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Reviewed by:
  • Sex after Fascism. Memory and Morality in Twentieth-Century Germany
  • Frederick A. Lubich
Sex after Fascism. Memory and Morality in Twentieth-Century Germany. By Dagmar Herzog. Princeton, NJ: Princeton University Press, 2005. 361 pages. $32.95.

"Wer zweimal mit der gleichen pennt, gehört schon zum Establishment." This was the anti-bourgeois litmus test of West Berlin's legendary Kommune I during the heydays of the sexual revolution in the late 1960s and early 1970s. Dagmar Herzog's sweeping study of sexuality, memory, and morality and its tangled connections to German fascism already attracted a lot of public attention in the German media in 2006, which featured her research in various venues including radio interviews and cultural magazines such as Cicero. Three major reasons are most likely responsible for the impact of this study beyond the scholarly circles of academia. First, it sets out to thoroughly interrogate the sexual politics of fascism, a topic which has attracted a wider audience ever since Italian avant-garde film makers in the 1970s cast it in the intriguing frame of what Susan Sontag called "Fascinating Fascism." Second, the study traces the reinterpretation of the Third Reich and its sexual politics by the anti-authoritarian student movement of the '68 generation, which remains a major reference point in the identity debates of contemporary Germany. Last but not least, the study chronicles the most lasting revolution of the twentieth century, whose central issues of sexual morality, family planning, and gender equality affected—in various configurations—virtually every citizen during this period.

Chapter one "Sex and the Third Reich" delineates against the backdrop of the Weimar Republic the two contradictory developments of a sexually constrictive and a sexually liberating agenda, both of which informed the ideology of German National Socialism. Whereas the former represents a racist reaction formation against a supposedly Jewish obsession with sexuality, the latter continues the sexual liberalization process of the Weimar Republic, whose permissive pleasures became now the privileges of the Aryan master race. Organizing "Kraft durch Freude" in a variety of ways, the Nazis celebrated joyous and fertile sexuality as both a triumph over Christian morality and as a happy breeding ground for the propagation of the German nation. Chapter two "The Fragility of Heterosexuality" and chapter three "Desperately Seeking Normality" map Germany's chaotic years of transition between the end of World War II and its consolidation into the Federal Republic of Germany. Whereas America's soldiers stationed in Germany applauded the free-spirited "Fräuleinwunder" of the early post-war years, the country's cultural commentators deplored the German malaise of modern "Man in Crisis" (87).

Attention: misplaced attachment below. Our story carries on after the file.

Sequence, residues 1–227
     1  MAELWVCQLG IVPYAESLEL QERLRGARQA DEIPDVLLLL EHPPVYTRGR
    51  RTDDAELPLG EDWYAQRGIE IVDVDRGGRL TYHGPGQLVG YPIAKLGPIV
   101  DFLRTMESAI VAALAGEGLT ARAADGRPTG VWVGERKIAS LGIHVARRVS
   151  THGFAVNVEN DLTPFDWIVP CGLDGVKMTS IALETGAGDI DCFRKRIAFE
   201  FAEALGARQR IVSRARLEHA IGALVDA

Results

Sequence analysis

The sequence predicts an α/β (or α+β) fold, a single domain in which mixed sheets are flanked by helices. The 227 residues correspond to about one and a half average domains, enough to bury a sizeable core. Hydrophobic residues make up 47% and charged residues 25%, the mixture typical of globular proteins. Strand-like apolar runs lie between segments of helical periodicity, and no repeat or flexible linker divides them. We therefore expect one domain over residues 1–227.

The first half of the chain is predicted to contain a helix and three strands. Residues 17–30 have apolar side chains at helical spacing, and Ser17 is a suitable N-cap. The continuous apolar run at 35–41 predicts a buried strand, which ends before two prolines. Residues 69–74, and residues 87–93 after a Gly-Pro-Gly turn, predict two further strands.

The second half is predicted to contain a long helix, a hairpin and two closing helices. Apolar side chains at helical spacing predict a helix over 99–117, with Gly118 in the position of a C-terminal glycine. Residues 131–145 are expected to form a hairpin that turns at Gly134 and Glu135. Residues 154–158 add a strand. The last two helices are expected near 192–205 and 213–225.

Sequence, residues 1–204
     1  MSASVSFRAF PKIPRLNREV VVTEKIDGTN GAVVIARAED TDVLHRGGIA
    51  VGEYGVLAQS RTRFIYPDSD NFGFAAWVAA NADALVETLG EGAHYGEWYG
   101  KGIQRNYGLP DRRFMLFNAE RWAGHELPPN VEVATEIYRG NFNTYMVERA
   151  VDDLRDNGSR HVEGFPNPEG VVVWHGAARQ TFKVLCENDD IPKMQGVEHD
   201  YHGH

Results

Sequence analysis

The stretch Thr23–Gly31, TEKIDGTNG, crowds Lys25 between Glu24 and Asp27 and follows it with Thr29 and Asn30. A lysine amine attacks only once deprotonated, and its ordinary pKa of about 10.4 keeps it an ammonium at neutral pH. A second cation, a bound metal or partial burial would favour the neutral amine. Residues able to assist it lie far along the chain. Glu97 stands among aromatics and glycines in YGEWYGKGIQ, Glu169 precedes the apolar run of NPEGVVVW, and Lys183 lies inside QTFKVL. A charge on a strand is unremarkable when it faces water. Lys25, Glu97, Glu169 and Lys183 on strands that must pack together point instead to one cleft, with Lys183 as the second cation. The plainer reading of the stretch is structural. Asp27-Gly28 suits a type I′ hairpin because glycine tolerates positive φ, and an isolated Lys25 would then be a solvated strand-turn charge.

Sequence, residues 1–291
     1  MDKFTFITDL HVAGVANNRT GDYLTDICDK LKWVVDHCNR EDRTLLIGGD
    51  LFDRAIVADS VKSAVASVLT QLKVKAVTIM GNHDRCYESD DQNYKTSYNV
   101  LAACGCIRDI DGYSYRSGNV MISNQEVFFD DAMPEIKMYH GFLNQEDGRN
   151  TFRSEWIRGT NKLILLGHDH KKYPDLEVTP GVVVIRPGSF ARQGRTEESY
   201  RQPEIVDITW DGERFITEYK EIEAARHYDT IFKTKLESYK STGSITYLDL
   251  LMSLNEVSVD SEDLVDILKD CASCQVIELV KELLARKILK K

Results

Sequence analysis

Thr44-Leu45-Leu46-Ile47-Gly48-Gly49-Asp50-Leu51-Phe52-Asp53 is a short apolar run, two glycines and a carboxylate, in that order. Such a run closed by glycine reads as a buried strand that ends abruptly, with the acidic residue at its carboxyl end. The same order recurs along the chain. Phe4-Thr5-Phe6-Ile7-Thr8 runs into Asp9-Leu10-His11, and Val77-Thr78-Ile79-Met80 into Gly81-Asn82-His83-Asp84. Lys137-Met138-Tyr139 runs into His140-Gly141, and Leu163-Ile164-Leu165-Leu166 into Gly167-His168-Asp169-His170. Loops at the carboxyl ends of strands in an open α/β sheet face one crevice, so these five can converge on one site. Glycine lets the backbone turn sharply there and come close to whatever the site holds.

Soon the sexually uninhibited atmosphere of the early reconstruction years gave way to an increasingly stuffy morality, whose reactionary response to sexuality was also a form of exorcizing the profligate immorality and genocidal barbarity of the Third Reich. However, with the Auschwitz trials in Frankfurt 1963–1965, a new Nazi [End Page 594] prototype began to emerge, the petty bourgeois and sexually repressed Holocaust perpetrator. With the theoretical underpinnings of the Frankfurt School, the New Left forcefully refocused fascism as a pathological form of sexual repression and the ensuing Holocaust as its ultimate perversion. As chapter four "The Morality of Pleasure" illustrates, preaching and practicing sexual liberation seemed to grant young rebellious Germans excellent antifascist credentials in addition to instant libidinous gratification. "Make Love not War" became the popular call to arms in Germany's battle of the sexes, or as the French magazine Nouvel Observateur commented in 1970: "Sex über alles [. . .] Definitely Germany has changed. Pink has replaced brown [. . .] Vibrators, not cannons" (146f.). Complementing this sexual mirage over the old battlefields of World War II, Delacroix's romantic icon "La Liberté sur les Barricades" made a timely comeback in the topless supermodel Uschi Obermaier, the most photographed member of Berlin's Kommune I, who became the quintessential poster girl of Germany's sexual revolution. Not surprisingly, the storming of the beds by the communards of Berlin and elsewhere failed to burst the prison house of sexual repression. Their politics of ecstasy short-circuited as male chauvinism and inveterate misogyny continued to foil their struggle for pleasure and gender equality. In...


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pp. 594-596
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